Eviction Clinic - Tenant Resource Center

Eviction Clinic

Make Informed Decisions!

Call Us! Or Stop By!

If you want more information or to discuss your situation, you always have the option to talk to a housing counselor ahead of time by coming into the Tenant Resource Center office (no appointment necessary!) or calling (608) 257-0006. If you are calling about an upcoming eviction, make sure to select urgent housing counseling.

We Will Be at Court

When you arrive at court for an eviction hearing, you probably will have a lot of questions about your rights as a tenant. In order to get those questions answered, a housing counselor from the Tenant Resource Center will be there for you before you go into either the hearing room or mediation.

During this time the housing counselor will be able to give you information about relevant housing laws, your rights and responsibilities, and the court process in general. However, the housing counselor is not a lawyer and will not be able to give you legal advice or represent you in court.

Get There Early!

In order to have time to discuss your case, it is important that you go to the courthouse before your scheduled hearing time. If you are late, you could lose your case by default.

Need More Time?

If you still need more time to get information, collect evidence or obtain an attorney, you can always ask for a trial on a different date. In Dane county, trials are usually held the following Friday in front of a judge. You also have the right to request a jury trial, which may take longer to schedule and it will cost you $36. Fees may be waived depending upon your income.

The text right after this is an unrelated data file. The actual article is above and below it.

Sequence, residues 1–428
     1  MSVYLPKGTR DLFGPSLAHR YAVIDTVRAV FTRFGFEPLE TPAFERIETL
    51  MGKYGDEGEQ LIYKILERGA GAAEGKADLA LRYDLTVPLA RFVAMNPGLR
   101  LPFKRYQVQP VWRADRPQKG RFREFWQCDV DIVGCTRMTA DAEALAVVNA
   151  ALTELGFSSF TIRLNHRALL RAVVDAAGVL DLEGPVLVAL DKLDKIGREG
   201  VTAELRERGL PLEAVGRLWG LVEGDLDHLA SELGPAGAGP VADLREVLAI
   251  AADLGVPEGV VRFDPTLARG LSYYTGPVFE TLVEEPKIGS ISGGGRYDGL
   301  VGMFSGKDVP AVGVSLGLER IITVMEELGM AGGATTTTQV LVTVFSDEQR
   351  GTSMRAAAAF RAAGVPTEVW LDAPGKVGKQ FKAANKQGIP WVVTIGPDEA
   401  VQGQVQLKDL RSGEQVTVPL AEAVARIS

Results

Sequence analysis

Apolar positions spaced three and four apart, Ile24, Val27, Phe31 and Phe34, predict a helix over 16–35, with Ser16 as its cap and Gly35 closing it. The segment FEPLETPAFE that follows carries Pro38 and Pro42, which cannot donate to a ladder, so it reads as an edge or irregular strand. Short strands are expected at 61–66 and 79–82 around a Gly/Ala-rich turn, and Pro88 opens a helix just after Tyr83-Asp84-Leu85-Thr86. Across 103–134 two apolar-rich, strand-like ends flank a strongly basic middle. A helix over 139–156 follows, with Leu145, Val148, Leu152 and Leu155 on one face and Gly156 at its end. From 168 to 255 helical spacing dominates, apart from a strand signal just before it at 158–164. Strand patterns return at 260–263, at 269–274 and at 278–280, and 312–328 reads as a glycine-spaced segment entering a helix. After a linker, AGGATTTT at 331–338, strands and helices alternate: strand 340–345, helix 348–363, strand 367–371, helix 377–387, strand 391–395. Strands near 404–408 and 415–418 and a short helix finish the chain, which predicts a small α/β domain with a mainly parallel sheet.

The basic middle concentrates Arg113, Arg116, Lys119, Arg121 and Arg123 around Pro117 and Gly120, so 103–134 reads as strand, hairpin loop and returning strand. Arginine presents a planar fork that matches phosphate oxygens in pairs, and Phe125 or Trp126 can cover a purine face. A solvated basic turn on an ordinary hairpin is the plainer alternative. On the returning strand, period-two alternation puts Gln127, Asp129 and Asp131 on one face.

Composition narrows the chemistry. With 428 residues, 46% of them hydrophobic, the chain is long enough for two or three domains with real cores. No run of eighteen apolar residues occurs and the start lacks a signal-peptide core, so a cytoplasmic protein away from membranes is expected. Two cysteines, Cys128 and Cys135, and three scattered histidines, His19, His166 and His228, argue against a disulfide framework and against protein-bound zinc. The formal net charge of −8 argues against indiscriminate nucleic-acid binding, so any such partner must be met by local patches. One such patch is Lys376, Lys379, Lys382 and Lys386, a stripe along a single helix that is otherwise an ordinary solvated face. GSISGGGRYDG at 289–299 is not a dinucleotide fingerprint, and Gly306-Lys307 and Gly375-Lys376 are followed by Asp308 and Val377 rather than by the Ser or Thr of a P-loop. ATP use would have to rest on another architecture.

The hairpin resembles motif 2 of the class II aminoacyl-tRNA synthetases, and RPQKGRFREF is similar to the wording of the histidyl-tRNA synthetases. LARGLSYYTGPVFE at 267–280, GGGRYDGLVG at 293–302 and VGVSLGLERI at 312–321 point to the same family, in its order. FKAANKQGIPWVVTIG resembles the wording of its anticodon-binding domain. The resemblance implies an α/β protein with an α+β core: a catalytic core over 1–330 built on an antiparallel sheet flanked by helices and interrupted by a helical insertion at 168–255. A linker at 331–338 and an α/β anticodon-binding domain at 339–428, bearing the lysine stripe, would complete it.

Eviction Tips

1. Now that an eviction has been filed, it can't hurt to show up at small claims court, it can only help. If you don't show up, you're automatically evicted. Future landlords will see that you have an eviction on your record. That's why it’s always worth it to show up to court and try to mediate, negotiate with your landlord or at least advocate for what will make it easiest for you to move out without an eviction. Many landlords use eviction as a tool to enforce payment plans. Your landlord may be willing to negotiate with you. It can’t hurt to ask!

2. Know your rights! Landlords make mistakes or aren't always right about the law or the process. There may be ways to prevent your eviction that you haven’t thought about. It’s always good to ask your questions of people who are at small claims court every week and thoroughly understand the eviction process and tenant-landlord law. Call the Tenant Resource Center, stop by our office or talk to us at court!

3. Try Mediation. Mediation is an opportunity to work out an agreement between you and your landlord. If you don't come to an agreement in mediation, you can still go in front of the court commissioner and have a hearing. Ask about mediation services at the court house. The mediator can walk you through the process and see if you and the landlord can come to an agreement.

4. Don't agree to something you can't do. We talk to many tenants that agree to things they can't do and ultimately get evicted. If the landlord is pressuring you to do something you can't do, it might be better to just agree to a move out date or take your chances with the judge or court commissioner.